I couldn’t think of a more suitable image to represent President’s Day than one of Mount Rushmore in South Dakota. The actual origin of the holiday dates back to 1885 when it was officially established to recognize George Washington’s birthday which is February 22nd. The holiday is officially called Washington’s Birthday which the federal government still refers to the day. Senator Steven Wallace Dorsey of Arkansas was the first to propose Washington’s Birthday as a federal holiday, and in 1879 President Rutherford B. Hayes signed it into law. The holiday initially only applied to the District of Columbia, but in 1885 it was expanded to the entire country. In 1932 on Washington’s birthday the Purple Heart was reinstated, which is a military decoration originally created by George Washington to honor soldiers killed or wounded while serving in the armed forces. Today it is estimated that 1.8 million Purple Hearts have been awarded according to www.thepurpleheart.com/faqs.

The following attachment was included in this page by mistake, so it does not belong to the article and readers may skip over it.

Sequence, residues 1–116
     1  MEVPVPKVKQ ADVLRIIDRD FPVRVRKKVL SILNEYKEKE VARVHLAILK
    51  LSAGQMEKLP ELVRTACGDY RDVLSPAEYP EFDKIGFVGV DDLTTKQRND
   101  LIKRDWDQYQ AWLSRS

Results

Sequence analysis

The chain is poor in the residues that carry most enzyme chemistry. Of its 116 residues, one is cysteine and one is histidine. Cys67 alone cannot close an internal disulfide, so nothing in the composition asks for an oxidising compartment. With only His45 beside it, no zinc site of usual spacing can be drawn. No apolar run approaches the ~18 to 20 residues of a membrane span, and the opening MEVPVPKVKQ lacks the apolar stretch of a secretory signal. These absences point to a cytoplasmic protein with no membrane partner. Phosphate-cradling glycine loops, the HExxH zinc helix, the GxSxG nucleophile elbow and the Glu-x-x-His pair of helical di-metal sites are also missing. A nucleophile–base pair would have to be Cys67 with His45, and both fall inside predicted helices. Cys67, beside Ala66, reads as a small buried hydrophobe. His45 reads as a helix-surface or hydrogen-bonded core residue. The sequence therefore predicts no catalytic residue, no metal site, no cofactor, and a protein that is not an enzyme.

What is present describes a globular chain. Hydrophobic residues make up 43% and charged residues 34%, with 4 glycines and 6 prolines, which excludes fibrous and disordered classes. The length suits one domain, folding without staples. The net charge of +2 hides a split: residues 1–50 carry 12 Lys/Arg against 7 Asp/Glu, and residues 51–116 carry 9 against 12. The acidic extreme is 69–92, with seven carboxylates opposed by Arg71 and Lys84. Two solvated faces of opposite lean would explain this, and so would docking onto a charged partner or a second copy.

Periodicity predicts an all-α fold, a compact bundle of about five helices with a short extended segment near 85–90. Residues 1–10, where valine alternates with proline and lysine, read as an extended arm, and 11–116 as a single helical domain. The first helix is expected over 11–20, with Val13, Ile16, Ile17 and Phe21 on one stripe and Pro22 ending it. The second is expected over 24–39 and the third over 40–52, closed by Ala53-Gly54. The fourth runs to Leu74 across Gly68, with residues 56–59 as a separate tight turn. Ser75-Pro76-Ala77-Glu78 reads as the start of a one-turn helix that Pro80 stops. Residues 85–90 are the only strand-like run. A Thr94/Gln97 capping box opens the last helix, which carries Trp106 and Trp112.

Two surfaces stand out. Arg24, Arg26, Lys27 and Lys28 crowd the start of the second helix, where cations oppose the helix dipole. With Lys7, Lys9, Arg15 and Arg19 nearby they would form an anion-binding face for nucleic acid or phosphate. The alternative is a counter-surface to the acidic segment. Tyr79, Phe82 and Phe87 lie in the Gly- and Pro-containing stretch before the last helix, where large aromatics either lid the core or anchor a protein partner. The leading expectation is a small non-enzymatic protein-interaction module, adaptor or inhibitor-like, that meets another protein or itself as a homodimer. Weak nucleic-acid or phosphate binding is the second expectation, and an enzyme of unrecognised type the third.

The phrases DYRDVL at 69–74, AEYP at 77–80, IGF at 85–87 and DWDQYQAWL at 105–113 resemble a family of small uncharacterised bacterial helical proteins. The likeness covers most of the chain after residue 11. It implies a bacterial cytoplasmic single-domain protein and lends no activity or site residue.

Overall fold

In the 1960’s the holiday began to shift from Washington’s Birthday to President’s Day with the introduction of the Uniform Monday Holiday Act. This was proposed by Senator Robert McClory of Illinois it was felt that by shifting the celebration of these federal holiday’s to Monday’s would reduce employee absenteeism. Also in this Act there was a provision added to recognize Abraham Lincoln’s birthday as well. Lincoln’s birthday was already recognized on the state level in Illinois at that time. The Uniform Monday Holiday Act was passed in 1968 and officially took effect in 1971 with President Richard Nixon signing an executive order.